Welcome to NaNoWriMo

So you have never heard of NaNoWriMo?  You know what, that’s ok.  I have known what it is for at least ten years and still hear people ask what it stands for.  There are many who when they hear what the acronym means know it, they have just never hear the actual “title” before.  Well it stands for Nation Novel Writing Month. 

Held every November people across the nation (and I think across the world) attempt to write a 50,000 word novel in only 30 days.  While this sounds impossible it really boils down to writing 1667 words per day, every day of the month.  (This actually puts you 10 words over the minimum but hey what is 10 extra words when you are going for 50K?). 

However it actually isn’t as simple as writing 1667 words every day.  Why?  Because life happens and there are days when writing is impossible, other commitments take precedence.  So how do you make it to the 50K mark?  You schedule writing time, figure out the day you KNOW you won’t be writing (like Thanksgiving and Black Friday), add a couple extra days just in case and with the total you have left over, divide that by 50,000 to see how many words you need to write each writing day to finish on time.

This is the third year I have attempted NaNoWriMo.  Last year I did finish a novel.  This year I am well on my way to doing so again.  The first time however I flopped, big time.  What made that attempt worse was I had a 15,000 word novel started that I was trying to finish.  I couldn’t commit myself to the intense writing and thus it did not get done (in fact that novel was until recently still in the works 15 years later at 30,000 plus words.  It has now been put in the “not to be used” pile.  Don’t get me wrong, the stuff in it will be used, just not as the individual novel it initially was intended to be).

Many people know this month by what it used to be called; simply NaNo.  It stood for the same thing back then but I’m sure Apple or the organizers who run the NaNoWriMo site did not want a lawsuit so the name was changed.  Oh you did not realize there was a site for this month of insanity?  Yup (www.nanowrimo.org).  They have all kinds of forums for help, you can become buddies with people to keep track of each other’s progress (and encourage), or just keep track of yourself.  You update your word count daily (or as often as you want).  There is a stats page which will show how many words you have written that day, your overall total, how you rate with the 1667 words-per-day amount they offer to finish, your average words per day, where you will finish if you keep up the current writing pace (this can be bad or good), and some other things.  For someone like me, it helps push me where I need to be pushed.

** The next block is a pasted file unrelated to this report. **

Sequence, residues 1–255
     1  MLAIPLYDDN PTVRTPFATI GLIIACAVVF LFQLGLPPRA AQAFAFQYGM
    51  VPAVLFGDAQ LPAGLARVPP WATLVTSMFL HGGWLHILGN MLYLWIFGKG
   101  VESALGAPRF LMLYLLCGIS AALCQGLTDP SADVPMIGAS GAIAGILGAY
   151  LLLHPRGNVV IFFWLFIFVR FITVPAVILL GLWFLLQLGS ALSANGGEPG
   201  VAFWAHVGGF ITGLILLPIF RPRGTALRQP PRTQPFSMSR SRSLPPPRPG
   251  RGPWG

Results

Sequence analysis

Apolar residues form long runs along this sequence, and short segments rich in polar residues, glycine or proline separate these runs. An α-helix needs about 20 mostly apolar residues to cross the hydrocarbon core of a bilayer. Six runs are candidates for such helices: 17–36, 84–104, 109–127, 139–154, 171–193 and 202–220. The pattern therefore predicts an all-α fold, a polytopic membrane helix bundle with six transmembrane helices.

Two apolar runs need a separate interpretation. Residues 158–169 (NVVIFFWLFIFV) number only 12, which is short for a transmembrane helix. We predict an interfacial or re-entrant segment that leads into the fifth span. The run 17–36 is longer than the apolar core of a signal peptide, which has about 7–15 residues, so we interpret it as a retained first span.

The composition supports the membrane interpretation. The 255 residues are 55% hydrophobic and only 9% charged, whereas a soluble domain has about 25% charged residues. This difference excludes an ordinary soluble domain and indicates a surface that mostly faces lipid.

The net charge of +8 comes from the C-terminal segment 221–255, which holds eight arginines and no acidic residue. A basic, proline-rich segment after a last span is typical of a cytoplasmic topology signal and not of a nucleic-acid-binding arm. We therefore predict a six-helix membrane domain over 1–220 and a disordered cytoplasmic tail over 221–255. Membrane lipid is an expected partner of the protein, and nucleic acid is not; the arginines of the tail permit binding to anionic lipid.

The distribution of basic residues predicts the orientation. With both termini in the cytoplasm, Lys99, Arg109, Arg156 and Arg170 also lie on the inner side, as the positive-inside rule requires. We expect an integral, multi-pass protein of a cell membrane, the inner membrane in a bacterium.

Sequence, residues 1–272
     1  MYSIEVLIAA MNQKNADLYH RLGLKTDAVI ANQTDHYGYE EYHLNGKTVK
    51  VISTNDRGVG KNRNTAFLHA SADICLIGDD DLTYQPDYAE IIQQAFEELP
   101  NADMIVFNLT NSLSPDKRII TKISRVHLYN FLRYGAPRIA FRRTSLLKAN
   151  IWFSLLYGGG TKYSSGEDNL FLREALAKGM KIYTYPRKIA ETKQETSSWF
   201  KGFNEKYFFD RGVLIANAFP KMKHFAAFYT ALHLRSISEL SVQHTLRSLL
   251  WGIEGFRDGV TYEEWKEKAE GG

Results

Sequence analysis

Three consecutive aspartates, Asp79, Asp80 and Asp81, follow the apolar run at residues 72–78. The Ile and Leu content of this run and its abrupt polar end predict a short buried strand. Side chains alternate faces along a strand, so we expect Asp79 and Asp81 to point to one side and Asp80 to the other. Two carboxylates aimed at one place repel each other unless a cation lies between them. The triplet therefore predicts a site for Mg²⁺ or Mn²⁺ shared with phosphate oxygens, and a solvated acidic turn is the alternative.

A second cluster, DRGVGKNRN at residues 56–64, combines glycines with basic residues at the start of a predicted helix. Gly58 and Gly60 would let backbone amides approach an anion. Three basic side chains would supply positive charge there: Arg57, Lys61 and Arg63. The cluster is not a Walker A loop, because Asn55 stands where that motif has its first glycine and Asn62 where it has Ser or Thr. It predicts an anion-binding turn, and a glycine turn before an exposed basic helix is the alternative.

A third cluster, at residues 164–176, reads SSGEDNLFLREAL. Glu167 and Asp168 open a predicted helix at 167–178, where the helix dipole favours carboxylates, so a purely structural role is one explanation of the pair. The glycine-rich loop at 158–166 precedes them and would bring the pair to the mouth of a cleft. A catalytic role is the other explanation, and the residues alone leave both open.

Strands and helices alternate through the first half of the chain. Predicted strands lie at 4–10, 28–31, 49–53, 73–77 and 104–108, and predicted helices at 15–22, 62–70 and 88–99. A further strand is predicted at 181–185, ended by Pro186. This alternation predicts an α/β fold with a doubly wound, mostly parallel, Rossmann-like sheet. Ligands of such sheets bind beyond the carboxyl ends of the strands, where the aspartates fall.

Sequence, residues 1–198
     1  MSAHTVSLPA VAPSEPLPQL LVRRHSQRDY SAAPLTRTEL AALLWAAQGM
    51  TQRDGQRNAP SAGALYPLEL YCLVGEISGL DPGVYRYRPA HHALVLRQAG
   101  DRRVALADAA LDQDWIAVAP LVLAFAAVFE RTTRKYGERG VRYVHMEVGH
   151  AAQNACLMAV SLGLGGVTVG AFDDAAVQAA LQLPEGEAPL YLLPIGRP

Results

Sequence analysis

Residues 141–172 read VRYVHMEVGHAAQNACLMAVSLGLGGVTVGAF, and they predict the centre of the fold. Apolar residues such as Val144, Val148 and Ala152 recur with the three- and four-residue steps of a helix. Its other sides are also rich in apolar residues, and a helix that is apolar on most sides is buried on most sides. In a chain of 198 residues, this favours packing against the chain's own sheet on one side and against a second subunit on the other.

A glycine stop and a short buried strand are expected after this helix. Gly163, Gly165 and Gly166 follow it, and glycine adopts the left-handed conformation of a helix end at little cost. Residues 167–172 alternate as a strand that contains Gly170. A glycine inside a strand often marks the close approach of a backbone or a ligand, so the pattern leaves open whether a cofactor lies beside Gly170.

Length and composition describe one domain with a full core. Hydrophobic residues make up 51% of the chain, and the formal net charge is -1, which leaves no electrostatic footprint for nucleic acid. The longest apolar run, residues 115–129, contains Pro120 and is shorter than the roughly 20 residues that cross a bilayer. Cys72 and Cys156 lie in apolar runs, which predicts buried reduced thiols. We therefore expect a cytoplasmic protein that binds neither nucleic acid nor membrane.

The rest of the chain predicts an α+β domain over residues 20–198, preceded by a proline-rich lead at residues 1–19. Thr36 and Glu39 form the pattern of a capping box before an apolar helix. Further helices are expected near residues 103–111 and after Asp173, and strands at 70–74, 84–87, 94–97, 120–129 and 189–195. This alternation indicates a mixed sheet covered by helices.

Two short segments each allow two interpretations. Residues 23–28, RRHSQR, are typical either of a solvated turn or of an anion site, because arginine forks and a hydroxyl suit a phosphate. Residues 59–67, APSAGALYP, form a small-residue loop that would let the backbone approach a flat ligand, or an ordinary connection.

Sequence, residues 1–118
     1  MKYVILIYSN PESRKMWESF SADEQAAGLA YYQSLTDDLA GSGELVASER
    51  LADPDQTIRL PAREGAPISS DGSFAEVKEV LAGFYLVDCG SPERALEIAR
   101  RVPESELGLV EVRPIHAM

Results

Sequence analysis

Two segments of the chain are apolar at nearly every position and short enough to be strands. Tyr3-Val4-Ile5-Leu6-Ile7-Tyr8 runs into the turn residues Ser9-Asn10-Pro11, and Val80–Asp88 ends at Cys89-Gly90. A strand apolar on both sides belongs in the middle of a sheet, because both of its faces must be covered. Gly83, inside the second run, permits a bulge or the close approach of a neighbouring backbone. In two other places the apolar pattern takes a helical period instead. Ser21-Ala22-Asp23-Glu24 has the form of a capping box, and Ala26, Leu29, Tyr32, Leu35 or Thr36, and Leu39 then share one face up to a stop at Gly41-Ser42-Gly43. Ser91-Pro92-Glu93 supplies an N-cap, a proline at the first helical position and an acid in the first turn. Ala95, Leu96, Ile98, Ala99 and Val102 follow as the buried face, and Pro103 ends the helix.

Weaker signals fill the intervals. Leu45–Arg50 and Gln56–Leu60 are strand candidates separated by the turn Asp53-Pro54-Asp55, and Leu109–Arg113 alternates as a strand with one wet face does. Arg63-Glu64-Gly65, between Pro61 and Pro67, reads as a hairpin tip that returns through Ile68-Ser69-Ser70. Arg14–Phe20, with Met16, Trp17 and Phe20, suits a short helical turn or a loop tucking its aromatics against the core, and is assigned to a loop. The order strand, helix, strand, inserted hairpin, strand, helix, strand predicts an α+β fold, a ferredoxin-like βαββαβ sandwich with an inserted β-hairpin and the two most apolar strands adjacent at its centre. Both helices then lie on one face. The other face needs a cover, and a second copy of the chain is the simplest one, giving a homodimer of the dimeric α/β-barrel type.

NaNoWriMo is actually not for everyone.  I say this because everyone has different writing styles and some people just don’t do well with writing now and editing later.  That’s ok.  It is nice to do it though because after that month of writing like crazy, you can say you have written a novel (or two or five depending on how many years you keep at it).  And while the idea is to write a complete 50,000 word novel in that single month, there are people who take previous started work and finish it.  While this is considered “cheating” the discipline needed tends to be stronger when you have a network to keep you motivated.

So welcome to the insanity (although we are almost a third of the way in) that is NaNoWriMo.

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About awritersprocess
I have been a writer longer than I can remember. It started with poems in grade school and evolved into the manuscripts, articles, and blogs that I currently write for. My desire to become an editor came later in life but I am no less passionate about that as I am about writing. I have a BA in English (with a minor in History) and have even taken a proofreading class through Editorial Freelancers Association. I am a writer for hire.

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